The Phase 1 Environmental Report, also known as the “ESA,” is an environmental site assessment that evaluates the property’s current and past usage to identify whether or not there are issues such as polluted soils and waterways, asbestos, or lead-based paint.
If any issues are identified in the ESA, they need to be remedied before tenancy because they present significant health risks. Failing to identify and address issues on the ESA can present substantial legal issues down the road.
Geotechnical engineers evaluate your property by drilling boreholes and running tests on the soil throughout the lot. These site consultants provide you with details on the:
- Types of soils found
- Compaction, strength, and density of the soil
- Existence of rock and its probable location
- Remedies to any prospective site troubles
When evaluating a commercial real estate purchase, you want to ensure the ground the building sits on will support the building itself and your goals for a long period of time. Purchasing or building a property on poor ground can cause significant damage.
Boundary Survey or ALTA Survey
Boundary surveys and ALTA surveys are similar in nature but different in detail. A boundary survey locates and displays the boundary lines between two parcels of land, whereas an ALTA survey is much more comprehensive showing improvements, easements, and other details about the parcel.
If you’re not planning on doing any foundational work, additions, or groundwork, an ALTA survey may not be necessary because surveys can show you precisely where your land meets your neighbors’ properties to support the addition or renovation of things like parking lots, fences, and landscaping. If you do plan to do more significant work, an ALTA survey may be best.
Lastly, even if you don’t plan on doing significant work that would require finer details of the land, it’s also possible that your lender, title company, or commercial real estate attorney may mandate an ALTA survey to validate the security of a project.
Traffic engineers study traffic flow to and from commercial property and adjacent communities. Traffic engineers are helpful to bring in to:
- Determine how much traffic passes the building each day (which you can then use for marketing the building)
- Identify bottlenecks and infrastructure challenges that may require additional work/cost such as stop signs, speed bumps, dividers, and other features.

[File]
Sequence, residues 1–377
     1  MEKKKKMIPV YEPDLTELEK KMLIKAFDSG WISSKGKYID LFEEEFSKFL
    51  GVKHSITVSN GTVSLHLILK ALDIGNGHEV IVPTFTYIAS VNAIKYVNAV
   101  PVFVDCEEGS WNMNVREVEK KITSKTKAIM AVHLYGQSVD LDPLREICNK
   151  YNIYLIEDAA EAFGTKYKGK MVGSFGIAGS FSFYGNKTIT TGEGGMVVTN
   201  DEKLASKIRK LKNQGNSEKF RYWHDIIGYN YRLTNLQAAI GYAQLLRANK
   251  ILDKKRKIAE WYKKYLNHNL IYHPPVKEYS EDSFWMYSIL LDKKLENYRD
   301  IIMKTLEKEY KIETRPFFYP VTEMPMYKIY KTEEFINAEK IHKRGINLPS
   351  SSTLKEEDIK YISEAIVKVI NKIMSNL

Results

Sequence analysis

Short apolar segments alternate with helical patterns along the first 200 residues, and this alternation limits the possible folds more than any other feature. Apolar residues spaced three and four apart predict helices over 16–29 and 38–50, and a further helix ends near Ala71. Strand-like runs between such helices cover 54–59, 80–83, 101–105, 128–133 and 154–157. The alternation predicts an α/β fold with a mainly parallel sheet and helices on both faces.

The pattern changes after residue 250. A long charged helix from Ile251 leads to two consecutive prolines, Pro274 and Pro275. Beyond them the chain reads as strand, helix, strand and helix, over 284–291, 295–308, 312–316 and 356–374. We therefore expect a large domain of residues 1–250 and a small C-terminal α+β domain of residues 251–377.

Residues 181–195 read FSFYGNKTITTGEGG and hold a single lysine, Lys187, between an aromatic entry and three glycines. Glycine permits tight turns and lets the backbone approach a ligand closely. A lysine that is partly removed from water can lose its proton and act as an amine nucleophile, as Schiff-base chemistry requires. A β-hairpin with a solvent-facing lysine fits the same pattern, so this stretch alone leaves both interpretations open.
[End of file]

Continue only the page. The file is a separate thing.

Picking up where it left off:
6E. Consult with Architects and Engineers
This tends to be more relevant for development work or projects that involve significant renovations. However, it’s always worth considering if you want to bring in architects or engineers to evaluate the property and provide their expert opinion. Here are the general scopes of work each specialist covers:
- Architect: Primarily helps with designing properties, designing remodel plans, reworking floorplans, enhancing exterior design features, and creating renderings
- Civil Engineer: Primarily helps with utility plans, master grading and drainage plans, and water and wastewater plans
- Structural Engineer: Primarily helps assess the structural integrity of the building and identify any weak areas that need to be replaced or reinforced
When it comes to buying commercial real estate, these experts can provide a great deal of value that can save you from potential issues and legal problems. If you think there may be an issue with the property or see an opportunity for value-add, it’s likely worth bringing in the appropriate expert(s) to provide their opinion.
6F. Explore Local Regulations and Zoning
If you’re purchasing an existing structure, the building is likely already in compliance with local zoning. However, it’s always a good idea to double-check. Additionally, if you have different plans for the building, you will want to work with the local city to determine whether or not you will need to 1) change the zoning and 2) if the city is willing to work with you on re-zoning that particular area. Depending on the city, this can be a large undertaking so it’s important to know what (and who) you’re working with.